Cubs Prospect Interview: Joe Simokaitis

The first full professional season proved to be an up-and-down year for Joe Simokaitis, the 10th-round Cubs draft pick from the University of Nebraska in 2005. The shortstop started off slowly out of the gate, but toward the end of the year, he picked up more at-bats and made the most of them even while dealing with a strained hamstring.

Simokaitis batted .259 in 110 games at Class-A Daytona in 2006, hitting .315 in his final 23 games. Not known as a power hitter, he hit one home run and drove in 32 runs while drawing 37 walks for a .347 on-base percentage.

We'd heard you were scheduled to go to the Instructional League, but didn't make it.

Yeah, it's funny. I was on the list to go and then toward the end of the year, I tweaked my hamstring a little and had to pull out. I had gone the year before and was scheduled to go again.

Any guesses as to how the injury came about?

It just popped up on me. In the second half of the season – late July or early August – I tweaked it running the bases and felt it pull a little bit, so we rested a little. I tried strengthening it and came back. The last two weeks or maybe the last week of the season, it came up again and I tried pushing it. I don't know if it was fatigue or what, but I felt it pull again. Just to stay on the safe side, we just rested it after that.

How does the hamstring feel now? Are you completely recovered?

Oh, yeah. I rested it a good three to four weeks after the end of the season and I think that was the key. After that, I just slowly stretched and built strength back up in my legs. I'm back to a full 100 percent, working out and everything.

Interestingly enough, your numbers got better toward the end of the year in spite of the hamstring. Was that something you noticed?

At the plate, as far as hitting and seeing the ball, I felt great. It was unfortunate that the hamstring kind of sidelined me, but I guess I started to get hot at the right time because we were in the playoff hunt and started clicking. Hitting is contagious and other guys on the team started hitting. It's unfortunate that it slowed me down, but I felt good. I thought I ended on a high note.

You seem to be a pretty versatile and flexible guy that can play a couple of different positions and bat anywhere in the lineup. Do you have a preference between batting higher up in the lineup or lower?

No, I really don't. Wherever they put me is fine. Being with a National League club, you have to be able to handle the bat at the top and the bottom as far as moving runners over and stuff like that. I really didn't feel there was much of a difference.

Being 23 this season and with a good college background from your days at Nebraska, did you feel you were too old to go back to Peoria?

I felt Daytona was the right place for me and it was where I wanted to be. Wherever they feel I needed to go, they've been through it all as far as players and putting them places. You can't really worry about it; you just have to go out and play. I was happy with going to Daytona. I don't know if it was a big jump, but a lot of the guys had gone through a short rookie season and then their first full season was in Peoria. This year being my first full year and in Daytona, it was a little bit of a jump, but I felt I was ready. At times, I proved I could play at that level and other times I struggled a little bit. For the most part, I think I proved I could play there.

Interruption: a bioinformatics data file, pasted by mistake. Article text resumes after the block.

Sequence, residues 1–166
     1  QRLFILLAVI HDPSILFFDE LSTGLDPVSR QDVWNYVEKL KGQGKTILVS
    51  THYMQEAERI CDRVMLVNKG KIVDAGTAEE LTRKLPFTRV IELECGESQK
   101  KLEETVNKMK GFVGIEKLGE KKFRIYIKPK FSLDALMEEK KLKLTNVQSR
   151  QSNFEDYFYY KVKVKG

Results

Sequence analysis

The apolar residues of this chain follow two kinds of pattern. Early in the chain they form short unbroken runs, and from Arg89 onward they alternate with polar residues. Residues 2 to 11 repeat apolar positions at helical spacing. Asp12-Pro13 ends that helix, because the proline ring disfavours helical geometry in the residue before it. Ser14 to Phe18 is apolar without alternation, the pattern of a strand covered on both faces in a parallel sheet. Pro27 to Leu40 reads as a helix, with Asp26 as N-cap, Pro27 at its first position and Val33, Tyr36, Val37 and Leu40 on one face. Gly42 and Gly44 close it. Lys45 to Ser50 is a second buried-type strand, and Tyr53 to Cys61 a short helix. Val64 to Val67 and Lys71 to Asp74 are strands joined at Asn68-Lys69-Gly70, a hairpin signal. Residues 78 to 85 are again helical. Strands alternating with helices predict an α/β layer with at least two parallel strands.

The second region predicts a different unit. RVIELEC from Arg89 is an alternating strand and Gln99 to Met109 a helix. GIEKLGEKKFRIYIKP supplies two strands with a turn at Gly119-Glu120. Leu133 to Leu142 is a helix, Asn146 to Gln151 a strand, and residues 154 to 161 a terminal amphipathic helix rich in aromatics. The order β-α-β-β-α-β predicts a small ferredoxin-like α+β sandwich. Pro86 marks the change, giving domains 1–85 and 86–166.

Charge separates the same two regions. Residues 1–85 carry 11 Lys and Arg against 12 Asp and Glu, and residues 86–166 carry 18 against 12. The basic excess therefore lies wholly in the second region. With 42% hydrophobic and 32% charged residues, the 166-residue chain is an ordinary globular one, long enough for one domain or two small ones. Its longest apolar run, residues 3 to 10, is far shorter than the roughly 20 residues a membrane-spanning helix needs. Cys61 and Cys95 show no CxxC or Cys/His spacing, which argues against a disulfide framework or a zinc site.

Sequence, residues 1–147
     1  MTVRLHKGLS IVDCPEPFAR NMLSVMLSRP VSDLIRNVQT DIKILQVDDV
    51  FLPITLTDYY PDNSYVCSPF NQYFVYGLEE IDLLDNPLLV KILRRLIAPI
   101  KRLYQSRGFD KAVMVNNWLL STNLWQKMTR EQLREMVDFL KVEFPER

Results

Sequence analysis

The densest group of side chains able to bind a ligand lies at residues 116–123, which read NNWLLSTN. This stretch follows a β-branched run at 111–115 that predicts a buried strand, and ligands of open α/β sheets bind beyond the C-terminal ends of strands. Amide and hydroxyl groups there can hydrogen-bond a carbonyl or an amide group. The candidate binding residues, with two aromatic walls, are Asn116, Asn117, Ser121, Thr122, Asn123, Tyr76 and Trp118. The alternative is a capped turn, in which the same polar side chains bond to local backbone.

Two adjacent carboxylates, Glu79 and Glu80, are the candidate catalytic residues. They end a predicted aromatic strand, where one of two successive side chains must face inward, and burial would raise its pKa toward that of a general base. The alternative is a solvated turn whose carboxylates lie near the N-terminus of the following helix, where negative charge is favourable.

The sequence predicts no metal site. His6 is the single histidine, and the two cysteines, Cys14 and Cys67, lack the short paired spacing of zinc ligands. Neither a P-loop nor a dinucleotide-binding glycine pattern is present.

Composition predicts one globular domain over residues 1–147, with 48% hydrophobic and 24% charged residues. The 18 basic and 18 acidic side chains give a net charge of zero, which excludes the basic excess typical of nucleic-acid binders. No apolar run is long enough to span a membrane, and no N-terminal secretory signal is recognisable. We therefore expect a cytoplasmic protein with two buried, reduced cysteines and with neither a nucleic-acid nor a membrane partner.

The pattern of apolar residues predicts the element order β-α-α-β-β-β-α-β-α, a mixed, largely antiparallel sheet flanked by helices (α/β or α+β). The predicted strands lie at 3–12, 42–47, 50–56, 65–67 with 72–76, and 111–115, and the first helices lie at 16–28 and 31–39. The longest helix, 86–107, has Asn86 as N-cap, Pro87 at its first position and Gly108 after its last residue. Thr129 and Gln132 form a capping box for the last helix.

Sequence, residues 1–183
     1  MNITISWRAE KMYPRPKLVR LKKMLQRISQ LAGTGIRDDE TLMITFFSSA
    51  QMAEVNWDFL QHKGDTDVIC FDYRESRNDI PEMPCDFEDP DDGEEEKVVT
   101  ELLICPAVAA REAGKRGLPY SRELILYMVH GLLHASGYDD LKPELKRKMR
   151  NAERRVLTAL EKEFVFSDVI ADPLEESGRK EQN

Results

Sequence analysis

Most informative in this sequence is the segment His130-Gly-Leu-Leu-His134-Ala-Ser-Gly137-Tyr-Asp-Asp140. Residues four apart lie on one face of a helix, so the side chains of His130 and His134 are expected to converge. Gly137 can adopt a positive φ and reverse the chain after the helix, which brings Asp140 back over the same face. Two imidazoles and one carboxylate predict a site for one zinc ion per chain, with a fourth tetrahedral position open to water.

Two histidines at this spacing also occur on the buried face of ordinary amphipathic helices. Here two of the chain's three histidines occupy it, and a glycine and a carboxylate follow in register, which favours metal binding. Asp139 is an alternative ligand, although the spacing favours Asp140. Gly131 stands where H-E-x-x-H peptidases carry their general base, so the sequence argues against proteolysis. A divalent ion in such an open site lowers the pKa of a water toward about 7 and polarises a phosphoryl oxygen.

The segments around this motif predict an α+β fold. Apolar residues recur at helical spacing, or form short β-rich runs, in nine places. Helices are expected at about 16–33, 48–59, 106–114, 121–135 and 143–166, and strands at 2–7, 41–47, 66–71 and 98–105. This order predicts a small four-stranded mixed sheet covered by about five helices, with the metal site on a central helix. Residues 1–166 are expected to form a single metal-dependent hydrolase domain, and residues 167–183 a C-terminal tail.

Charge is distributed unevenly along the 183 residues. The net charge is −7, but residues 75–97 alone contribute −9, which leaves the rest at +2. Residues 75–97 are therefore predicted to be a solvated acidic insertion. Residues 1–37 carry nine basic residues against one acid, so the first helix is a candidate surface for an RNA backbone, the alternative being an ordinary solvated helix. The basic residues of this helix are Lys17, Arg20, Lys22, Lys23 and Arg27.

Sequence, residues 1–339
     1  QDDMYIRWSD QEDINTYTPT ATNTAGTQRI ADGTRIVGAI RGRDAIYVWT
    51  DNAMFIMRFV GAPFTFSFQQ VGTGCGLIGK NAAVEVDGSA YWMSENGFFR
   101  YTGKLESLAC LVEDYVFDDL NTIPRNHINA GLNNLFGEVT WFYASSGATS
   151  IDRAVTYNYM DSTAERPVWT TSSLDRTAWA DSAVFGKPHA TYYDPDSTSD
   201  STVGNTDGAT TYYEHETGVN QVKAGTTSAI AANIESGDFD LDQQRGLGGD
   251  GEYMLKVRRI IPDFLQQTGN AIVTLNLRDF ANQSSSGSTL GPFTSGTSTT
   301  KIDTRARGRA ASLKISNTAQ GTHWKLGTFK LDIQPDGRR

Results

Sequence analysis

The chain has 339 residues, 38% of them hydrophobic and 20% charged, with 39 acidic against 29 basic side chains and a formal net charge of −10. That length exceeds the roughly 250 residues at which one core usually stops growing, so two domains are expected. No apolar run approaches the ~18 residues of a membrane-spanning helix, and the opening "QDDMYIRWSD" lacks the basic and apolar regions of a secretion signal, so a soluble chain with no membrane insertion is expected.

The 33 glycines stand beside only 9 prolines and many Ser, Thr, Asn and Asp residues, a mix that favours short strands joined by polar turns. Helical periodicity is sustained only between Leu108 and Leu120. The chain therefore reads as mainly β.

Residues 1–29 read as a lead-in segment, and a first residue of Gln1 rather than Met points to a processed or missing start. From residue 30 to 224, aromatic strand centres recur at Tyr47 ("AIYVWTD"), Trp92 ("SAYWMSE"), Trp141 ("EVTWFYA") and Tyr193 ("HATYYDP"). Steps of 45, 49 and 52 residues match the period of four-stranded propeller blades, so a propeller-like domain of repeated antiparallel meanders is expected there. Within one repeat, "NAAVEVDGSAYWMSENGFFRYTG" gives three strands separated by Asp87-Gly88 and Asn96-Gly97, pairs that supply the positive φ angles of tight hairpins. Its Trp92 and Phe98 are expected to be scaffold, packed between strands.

Throughout college and last year at Peoria, you were exclusively at short, but you played both short and second at Daytona. Do you see yourself playing one position over the other in the long haul?

I think as a natural shortstop, that's my natural position. You kind of prove that you can play the other positions like the second's and the third's. I think if you have the arm for short, you have the arm for third. As far as range, if you have the range for short, you have the range for second. And as far as the future, I think it's good that I showed some versatility as far as going over to second and handling that well. For a game or half a game, I went over and played first a little. Just showing that I'm versatile and can accept that and play well, I think it's good for me in the future.

How pleased were you with your defense overall (15 errors at short and two at second)?

At Nebraska, I definitely was known for defense. To be honest, I don't know if it was because I played well or because I was old, but I had the Big XII record for most assists. I played short all four years there, so I proved there that I could play. At the beginning of the season, I think I was a little shaky at short. Like hitting and everything else, it's an adjustment. You have to get used to the fields, the speed of the game and everything else. I think I started out a little rocky, but at the end of the year, I think I was definitely solid defensively.

You told us earlier that when you first strained your hamstring and missed a few days that the time off helped you get your feet back under you as far as strength and energy went. What else helped your average the past couple of months?

It was one of those things where I didn't try to press or do too much. I worked a lot with Richie Zisk, our hitting coach. Our first base coach in the second half was Antonio Grissom, Marquis's brother. Working with those two guys, you try to stay relaxed because your numbers aren't where they want to be, and you try to take it day by day and do whatever you can to help the team win. When you're going with that mindset, everything else will fall into play and it kind of did at the end of the year.

Northsiders Report Top Stories